Preparing for Camp
Wondering about how to prepare for an overnight camp? You aren’t alone! Every new camper and their parents have wondered the same thing. Any new experience is a combination of excitement and anxiety about the unknown. There are many strategies you can use to help prepare your child for overnight camp.
Practice being away from home
This is a case where practice helps! Slumber parties, a weekend at a relative’s house, or any other night away is a step toward your child building confidence in her ability to sleep away from home. It can help your daughter understand what it’s like to be out of her routine, even a little. How does her friend’s family eat dinner? Does her friend brush her teeth before or after reading time? What is it like to do things outside of her own routine? Being away from home can give your daughter a chance to experience feelings of missing home, practice coping skills, and then talk to you about the whole experience.
Involve your child in the decision
It isn’t surprising to hear that studies show a child is much better prepared for the transition to camp if they have a positive attitude and is also involved in making the decision to attend. A child should feel excited about summer camp, not forced. Keep your child involved in the process of picking camps and share as much information about the camps as possible. Knowing the schedule, activities, sleeping arrangements, location of the dining hall… these all can contribute to a child’s sense of control over the situation. Knowledge is power!
If you or your child have any questions about what Clearwater is like, please ask! Talking to someone from camp can be helpful too! We can connect you with a camp family or staff member in the area who can answer questions in person or over the phone!
Your child will miss home. That is completely normal.
Your child will miss home, as so many of our campers and staff members do each summer. Letting your child know that it is normal to miss home can lead to a conversation about coping strategies and help them to be open about their feelings. Strategies might include looking at a family photo, writing a letter home, or staying occupied with an activity they like. On the other hand, a child that has your support in their belief that she will be hopelessly homesick is much more likely to feel that way. It is important to normalize missing home, but not to set an expectation that it will be overwhelming or overpowering for them. Missing home is a small part of the experience. Remember, camp is going to be really, really fun!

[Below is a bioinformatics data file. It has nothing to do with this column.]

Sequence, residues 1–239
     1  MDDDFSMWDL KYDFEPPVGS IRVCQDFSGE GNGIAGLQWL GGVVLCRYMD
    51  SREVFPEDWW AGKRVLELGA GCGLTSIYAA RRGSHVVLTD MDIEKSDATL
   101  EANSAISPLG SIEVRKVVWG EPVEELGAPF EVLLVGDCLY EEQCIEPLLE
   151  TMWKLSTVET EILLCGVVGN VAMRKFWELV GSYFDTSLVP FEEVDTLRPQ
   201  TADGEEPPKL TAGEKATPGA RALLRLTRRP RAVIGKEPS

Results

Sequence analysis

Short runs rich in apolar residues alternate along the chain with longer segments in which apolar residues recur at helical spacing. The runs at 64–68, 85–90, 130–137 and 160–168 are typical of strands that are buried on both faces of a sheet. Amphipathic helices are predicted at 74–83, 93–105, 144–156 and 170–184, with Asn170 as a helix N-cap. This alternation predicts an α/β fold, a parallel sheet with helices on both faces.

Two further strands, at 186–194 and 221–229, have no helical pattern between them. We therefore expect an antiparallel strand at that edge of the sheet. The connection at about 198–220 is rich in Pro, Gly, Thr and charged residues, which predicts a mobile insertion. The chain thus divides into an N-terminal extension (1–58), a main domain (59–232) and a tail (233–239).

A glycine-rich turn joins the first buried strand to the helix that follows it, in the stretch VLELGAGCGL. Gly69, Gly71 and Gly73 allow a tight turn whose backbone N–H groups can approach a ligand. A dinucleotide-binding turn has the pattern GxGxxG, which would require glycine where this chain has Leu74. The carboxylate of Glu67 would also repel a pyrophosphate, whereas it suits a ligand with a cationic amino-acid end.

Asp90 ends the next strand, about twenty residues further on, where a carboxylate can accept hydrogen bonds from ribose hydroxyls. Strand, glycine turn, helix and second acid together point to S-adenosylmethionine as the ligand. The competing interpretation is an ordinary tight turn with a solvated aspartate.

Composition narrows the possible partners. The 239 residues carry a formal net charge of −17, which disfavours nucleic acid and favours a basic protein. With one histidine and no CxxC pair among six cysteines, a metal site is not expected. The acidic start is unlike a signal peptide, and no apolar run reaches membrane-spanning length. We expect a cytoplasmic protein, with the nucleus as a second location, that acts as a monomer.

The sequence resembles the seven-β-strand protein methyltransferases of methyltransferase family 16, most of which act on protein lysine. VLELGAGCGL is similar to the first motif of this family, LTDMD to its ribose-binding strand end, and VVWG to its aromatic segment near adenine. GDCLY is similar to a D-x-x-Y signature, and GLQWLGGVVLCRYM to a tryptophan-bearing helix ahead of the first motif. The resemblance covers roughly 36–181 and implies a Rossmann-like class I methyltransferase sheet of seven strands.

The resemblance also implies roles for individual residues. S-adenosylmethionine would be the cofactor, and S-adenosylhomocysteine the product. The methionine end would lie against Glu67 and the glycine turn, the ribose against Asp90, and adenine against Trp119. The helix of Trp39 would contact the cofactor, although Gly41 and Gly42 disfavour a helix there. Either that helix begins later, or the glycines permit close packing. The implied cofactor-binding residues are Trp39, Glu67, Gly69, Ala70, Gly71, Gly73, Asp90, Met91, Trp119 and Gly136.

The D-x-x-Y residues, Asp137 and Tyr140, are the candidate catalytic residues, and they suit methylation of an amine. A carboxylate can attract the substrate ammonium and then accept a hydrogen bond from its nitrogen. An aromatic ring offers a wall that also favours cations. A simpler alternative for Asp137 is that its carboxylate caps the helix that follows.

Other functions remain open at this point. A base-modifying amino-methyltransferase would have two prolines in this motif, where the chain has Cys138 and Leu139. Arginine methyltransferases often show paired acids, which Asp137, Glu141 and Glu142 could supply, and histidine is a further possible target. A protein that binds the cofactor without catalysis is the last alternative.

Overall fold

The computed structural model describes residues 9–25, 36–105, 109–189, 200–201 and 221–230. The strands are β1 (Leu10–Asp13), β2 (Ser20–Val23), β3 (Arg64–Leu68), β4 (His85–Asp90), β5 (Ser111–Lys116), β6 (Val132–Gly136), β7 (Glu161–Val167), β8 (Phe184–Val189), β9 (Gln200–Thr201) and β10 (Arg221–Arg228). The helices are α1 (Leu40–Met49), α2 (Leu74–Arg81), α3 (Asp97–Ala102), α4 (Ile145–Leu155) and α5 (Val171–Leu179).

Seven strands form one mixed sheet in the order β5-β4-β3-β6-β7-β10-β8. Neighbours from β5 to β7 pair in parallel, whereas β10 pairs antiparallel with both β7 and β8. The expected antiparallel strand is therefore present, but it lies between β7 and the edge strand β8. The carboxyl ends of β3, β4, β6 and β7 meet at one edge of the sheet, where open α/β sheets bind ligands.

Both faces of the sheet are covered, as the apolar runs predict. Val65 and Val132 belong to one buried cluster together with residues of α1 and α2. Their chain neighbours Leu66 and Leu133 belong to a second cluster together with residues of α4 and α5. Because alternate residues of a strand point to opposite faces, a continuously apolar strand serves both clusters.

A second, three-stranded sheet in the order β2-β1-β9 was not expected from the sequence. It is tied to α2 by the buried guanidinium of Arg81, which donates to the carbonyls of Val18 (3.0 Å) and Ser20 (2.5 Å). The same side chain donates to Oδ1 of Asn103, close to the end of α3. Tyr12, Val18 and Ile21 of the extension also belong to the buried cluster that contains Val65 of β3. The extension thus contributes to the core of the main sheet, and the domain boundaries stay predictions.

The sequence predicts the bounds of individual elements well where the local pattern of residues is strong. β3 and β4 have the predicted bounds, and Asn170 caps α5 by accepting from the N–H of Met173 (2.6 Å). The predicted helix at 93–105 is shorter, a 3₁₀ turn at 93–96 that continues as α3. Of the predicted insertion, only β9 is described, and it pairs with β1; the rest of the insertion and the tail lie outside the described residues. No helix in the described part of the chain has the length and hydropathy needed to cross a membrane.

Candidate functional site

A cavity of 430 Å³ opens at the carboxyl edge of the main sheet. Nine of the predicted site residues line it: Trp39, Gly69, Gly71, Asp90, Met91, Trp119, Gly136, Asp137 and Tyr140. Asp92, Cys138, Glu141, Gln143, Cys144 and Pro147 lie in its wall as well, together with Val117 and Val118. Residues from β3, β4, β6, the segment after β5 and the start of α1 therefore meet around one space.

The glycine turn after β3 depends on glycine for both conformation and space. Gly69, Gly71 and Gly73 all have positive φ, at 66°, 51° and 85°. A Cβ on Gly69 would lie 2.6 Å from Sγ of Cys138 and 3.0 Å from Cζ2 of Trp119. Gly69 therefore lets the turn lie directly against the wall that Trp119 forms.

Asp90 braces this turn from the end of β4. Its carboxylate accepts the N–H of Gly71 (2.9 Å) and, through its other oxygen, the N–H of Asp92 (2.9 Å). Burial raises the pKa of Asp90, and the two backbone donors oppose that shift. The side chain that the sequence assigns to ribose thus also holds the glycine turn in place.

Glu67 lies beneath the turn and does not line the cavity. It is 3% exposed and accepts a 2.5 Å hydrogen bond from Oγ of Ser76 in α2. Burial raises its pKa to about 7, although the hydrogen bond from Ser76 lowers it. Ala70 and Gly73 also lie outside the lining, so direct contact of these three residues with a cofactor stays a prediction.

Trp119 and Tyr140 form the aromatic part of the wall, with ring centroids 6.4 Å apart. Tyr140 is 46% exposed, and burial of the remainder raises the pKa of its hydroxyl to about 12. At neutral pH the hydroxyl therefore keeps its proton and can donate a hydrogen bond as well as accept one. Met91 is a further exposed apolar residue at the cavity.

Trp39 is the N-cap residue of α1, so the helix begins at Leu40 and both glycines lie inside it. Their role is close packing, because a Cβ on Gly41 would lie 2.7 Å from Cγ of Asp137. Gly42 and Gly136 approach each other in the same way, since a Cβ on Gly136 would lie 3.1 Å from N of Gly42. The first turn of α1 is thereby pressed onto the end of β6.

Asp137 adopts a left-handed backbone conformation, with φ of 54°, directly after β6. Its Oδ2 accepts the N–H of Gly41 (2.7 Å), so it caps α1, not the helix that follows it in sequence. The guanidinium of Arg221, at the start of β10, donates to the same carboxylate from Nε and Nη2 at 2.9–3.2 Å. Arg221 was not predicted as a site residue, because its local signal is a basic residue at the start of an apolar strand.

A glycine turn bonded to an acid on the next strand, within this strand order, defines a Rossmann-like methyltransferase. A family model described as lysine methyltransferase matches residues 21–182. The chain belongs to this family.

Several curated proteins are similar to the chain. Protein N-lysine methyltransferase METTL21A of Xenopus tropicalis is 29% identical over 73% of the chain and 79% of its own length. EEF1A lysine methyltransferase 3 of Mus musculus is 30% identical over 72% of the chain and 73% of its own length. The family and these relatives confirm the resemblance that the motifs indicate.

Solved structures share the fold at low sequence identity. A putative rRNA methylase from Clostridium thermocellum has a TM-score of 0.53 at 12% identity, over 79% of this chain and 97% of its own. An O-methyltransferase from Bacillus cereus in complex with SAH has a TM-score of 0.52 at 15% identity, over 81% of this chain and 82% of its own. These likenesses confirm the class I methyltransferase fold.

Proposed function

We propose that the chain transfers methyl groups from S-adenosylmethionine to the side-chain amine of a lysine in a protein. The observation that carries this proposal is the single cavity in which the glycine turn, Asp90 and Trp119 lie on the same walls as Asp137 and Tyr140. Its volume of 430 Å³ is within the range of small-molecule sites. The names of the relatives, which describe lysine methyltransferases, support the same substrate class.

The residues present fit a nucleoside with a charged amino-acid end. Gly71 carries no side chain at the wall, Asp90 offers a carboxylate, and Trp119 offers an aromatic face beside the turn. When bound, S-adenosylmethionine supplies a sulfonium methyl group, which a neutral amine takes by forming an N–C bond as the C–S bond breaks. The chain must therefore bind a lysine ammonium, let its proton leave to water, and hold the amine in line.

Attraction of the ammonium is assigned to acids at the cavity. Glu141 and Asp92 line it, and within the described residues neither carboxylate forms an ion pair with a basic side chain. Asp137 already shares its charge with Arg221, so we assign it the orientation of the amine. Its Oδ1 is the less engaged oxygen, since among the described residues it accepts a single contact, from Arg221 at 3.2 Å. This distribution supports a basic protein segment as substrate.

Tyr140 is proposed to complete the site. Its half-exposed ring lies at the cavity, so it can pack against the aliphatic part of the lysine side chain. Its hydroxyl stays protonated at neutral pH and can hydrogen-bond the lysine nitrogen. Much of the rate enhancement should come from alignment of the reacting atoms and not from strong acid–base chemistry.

You will miss your child. That is also completely normal.
You might be having a harder time thinking of your child being away for the summer than your child is. You wouldn’t be the first parent to feel that way. Missing your kids is definitely to be expected and the way that these feelings are shared can help your child ease into their first time at camp. Studies have shown that kids who report high perceived levels of parental anxiety often have harder times being away. If you need support, look to peers, other adults, or even ask us for a name of a nearby camp parent to talk with.
Two things to avoid
At Clearwater we have seen thousands of campers who miss home to varying degrees. Based on decades of experience, we have found two things to make homesickness worse. The first is that phone calls home almost always make the camper more upset. Calling home seems to give the camper a glimmer of hope they can leave, hear that their parents miss them terribly, and take them out of the community that we are trying hard to encourage them to join! Of course, if there is ever any medical issue or other serious situation with your daughter, we will let you know! The second thing to avoid is making a “pick up deal.” Don’t promise your daughter you will pick her up if she doesn’t like camp. Instead of being reassuring, this can lead to a camper resisting coping strategies in order to feel ‘bad enough’ to get picked up.